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Designer Joined about 6 years ago Ryan has invited Chris Valleskey
Can't take this author/site seriously with that awful typeface.
I haven't had much experience with UXPin but I'd be interested in seeing their solution. Although Julian is referencing XD not UXPin. Sketch also has search and filtering in place as well.
I think it's a decent solution that still gives us the screen real estate that we need but also gives us better usability in interacting with components. I'm sure there could be a few tweaks to improve it, but with only 10 minutes of playing with the new update it makes sense to me. I'm not sure the point Julian is making that XD is superior when it comes to specific area. Probably just personal preference to the design and visual look of it is my guess. Which I might agree with for the most part.
I don't understand your point. They are pretty similar. The main difference being XD can view the library in a list AND thumbnails whereas sketch just has a list of small thumbnails. Everything else is literally the same thing. You still have to click an extra UI button on XD to access your library components and on Sketch, you have to click a tab to access the same thing.
I much prefer sketch's take on how you access layers and components. I hate how in XD you continually nest yourself in their layered menus. In order to look at an artboard's layers, you have to double click the artboard to even see the layers and to see another artboard's layers you have to close out then go back and find the artboard then double click to see the layers. It's stupid cumbersome and slow.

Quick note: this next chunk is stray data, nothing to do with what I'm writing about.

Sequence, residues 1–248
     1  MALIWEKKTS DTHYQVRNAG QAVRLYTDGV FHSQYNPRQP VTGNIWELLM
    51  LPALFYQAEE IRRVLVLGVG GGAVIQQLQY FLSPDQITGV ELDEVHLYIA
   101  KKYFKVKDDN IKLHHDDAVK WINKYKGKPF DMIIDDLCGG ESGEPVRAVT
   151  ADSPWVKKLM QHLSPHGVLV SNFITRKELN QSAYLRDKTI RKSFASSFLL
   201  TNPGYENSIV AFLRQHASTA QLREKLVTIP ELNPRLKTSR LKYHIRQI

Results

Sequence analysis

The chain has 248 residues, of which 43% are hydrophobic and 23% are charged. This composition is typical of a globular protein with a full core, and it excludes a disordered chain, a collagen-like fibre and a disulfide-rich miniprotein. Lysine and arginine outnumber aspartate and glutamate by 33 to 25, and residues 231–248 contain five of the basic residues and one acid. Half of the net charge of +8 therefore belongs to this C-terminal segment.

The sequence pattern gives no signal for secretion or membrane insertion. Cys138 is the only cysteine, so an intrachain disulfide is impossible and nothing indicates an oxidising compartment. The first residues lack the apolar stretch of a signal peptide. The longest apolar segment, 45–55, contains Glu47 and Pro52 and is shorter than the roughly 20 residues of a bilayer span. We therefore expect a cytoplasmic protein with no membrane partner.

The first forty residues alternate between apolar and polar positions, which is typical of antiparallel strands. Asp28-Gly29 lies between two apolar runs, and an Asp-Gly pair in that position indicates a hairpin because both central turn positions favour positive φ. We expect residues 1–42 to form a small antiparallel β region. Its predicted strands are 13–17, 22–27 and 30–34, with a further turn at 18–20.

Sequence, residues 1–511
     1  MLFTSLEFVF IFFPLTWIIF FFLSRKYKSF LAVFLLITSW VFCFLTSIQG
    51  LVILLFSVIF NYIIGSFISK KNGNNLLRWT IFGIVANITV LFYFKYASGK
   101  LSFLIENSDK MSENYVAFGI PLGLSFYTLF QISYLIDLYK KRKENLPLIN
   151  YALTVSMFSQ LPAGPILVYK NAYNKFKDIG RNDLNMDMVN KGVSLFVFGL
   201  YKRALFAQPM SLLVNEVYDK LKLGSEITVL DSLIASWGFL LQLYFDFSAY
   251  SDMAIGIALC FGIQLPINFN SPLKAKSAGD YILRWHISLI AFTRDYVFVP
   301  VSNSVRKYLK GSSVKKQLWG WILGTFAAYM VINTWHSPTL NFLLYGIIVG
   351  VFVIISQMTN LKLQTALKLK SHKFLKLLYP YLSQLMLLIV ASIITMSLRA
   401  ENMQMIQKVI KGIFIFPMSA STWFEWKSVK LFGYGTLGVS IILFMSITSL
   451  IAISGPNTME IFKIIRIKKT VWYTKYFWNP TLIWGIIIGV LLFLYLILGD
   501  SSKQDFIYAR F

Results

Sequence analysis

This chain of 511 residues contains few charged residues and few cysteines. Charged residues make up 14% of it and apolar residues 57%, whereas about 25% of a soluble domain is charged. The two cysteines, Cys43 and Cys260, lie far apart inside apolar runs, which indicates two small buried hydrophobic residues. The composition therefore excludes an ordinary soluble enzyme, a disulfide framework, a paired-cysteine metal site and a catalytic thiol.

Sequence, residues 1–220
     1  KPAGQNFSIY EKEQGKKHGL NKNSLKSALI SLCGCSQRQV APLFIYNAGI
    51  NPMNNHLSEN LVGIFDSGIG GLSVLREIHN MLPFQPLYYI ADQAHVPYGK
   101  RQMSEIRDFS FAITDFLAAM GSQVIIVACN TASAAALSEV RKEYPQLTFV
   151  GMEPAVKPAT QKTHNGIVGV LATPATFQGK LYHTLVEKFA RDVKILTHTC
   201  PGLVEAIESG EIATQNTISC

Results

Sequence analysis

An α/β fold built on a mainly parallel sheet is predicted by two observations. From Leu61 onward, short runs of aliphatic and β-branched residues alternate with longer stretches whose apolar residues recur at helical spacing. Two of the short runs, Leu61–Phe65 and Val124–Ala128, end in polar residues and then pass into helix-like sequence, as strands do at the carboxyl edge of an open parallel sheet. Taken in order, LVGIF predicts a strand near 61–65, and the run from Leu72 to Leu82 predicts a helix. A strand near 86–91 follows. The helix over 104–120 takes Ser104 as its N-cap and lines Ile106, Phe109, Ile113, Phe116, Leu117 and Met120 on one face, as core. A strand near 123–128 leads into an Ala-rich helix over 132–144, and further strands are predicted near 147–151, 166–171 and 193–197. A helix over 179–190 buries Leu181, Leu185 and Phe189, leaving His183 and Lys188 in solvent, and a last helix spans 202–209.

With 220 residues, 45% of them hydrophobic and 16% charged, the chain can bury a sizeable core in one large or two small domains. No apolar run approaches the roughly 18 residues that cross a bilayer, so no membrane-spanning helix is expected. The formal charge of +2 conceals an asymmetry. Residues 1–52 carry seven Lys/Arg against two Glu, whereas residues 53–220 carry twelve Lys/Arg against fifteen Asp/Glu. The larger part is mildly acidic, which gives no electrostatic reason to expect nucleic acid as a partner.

So what's your point?
...I am planning to create a design system for the product. But I am kind of confused like from where should I start? Any inputs/advice from you guys is really appreciated.
That's virtually impossible to answer. None of us work with your company, work on your team, have insight into your heuristic evaluation, we don't know your users, don't have any insights to data about what's going on, etc etc
...not one but TWO price tags with slashes through them.
Bingo, that's the secret sauce. Clearly missing this.
I'm not really sure who Andrew is...
Maybe actually reading the website might give you the insight you're asking for on who Andrew is.
Andrew Couldwell is a designer who codes, with over 15 years of experience. In recent years he’s led the design and creative direction of digital brands, products, and design systems at Adobe and WeWork, and has worked on projects for the likes of Red Bull and NASA. He’s now a freelance web designer and developer. He’s also the founder and curator of Club of the Waves. Andrew is a British expat, now living and working in Los Angeles, California. He loves what he does, and is excited to share what he’s learned with you in this book.
If the copy on the page did a better job of spelling that stuff out I'd probably buy and give it a shot.
The website outlines what's in every chapter. Once again you have to do some individual legwork here and read the website. What else are you looking for that you didn't get? Any more explaining beyond that then you're better off just reading the book which will do the explaining you want.
Good reading for you as well. Talks about those myths and how to solve them. Which I'm assuming is what sparked this article seeing as the stripe one was out a day before this came out on UXM.
First, Tayler, why do you keep posting your tweets here?
Second, you're right that in Denver there are a lot of UI/UX jobs, but you're off base saying that juniors are getting offered that much. I'd love to see the job req from the company that is offering this to back up your claims.
Edit* Are you saying juniors are asking for this amount or they are getting offered this amount? If it's the former these juniors are out of touch with reality and I retract my second statement above.
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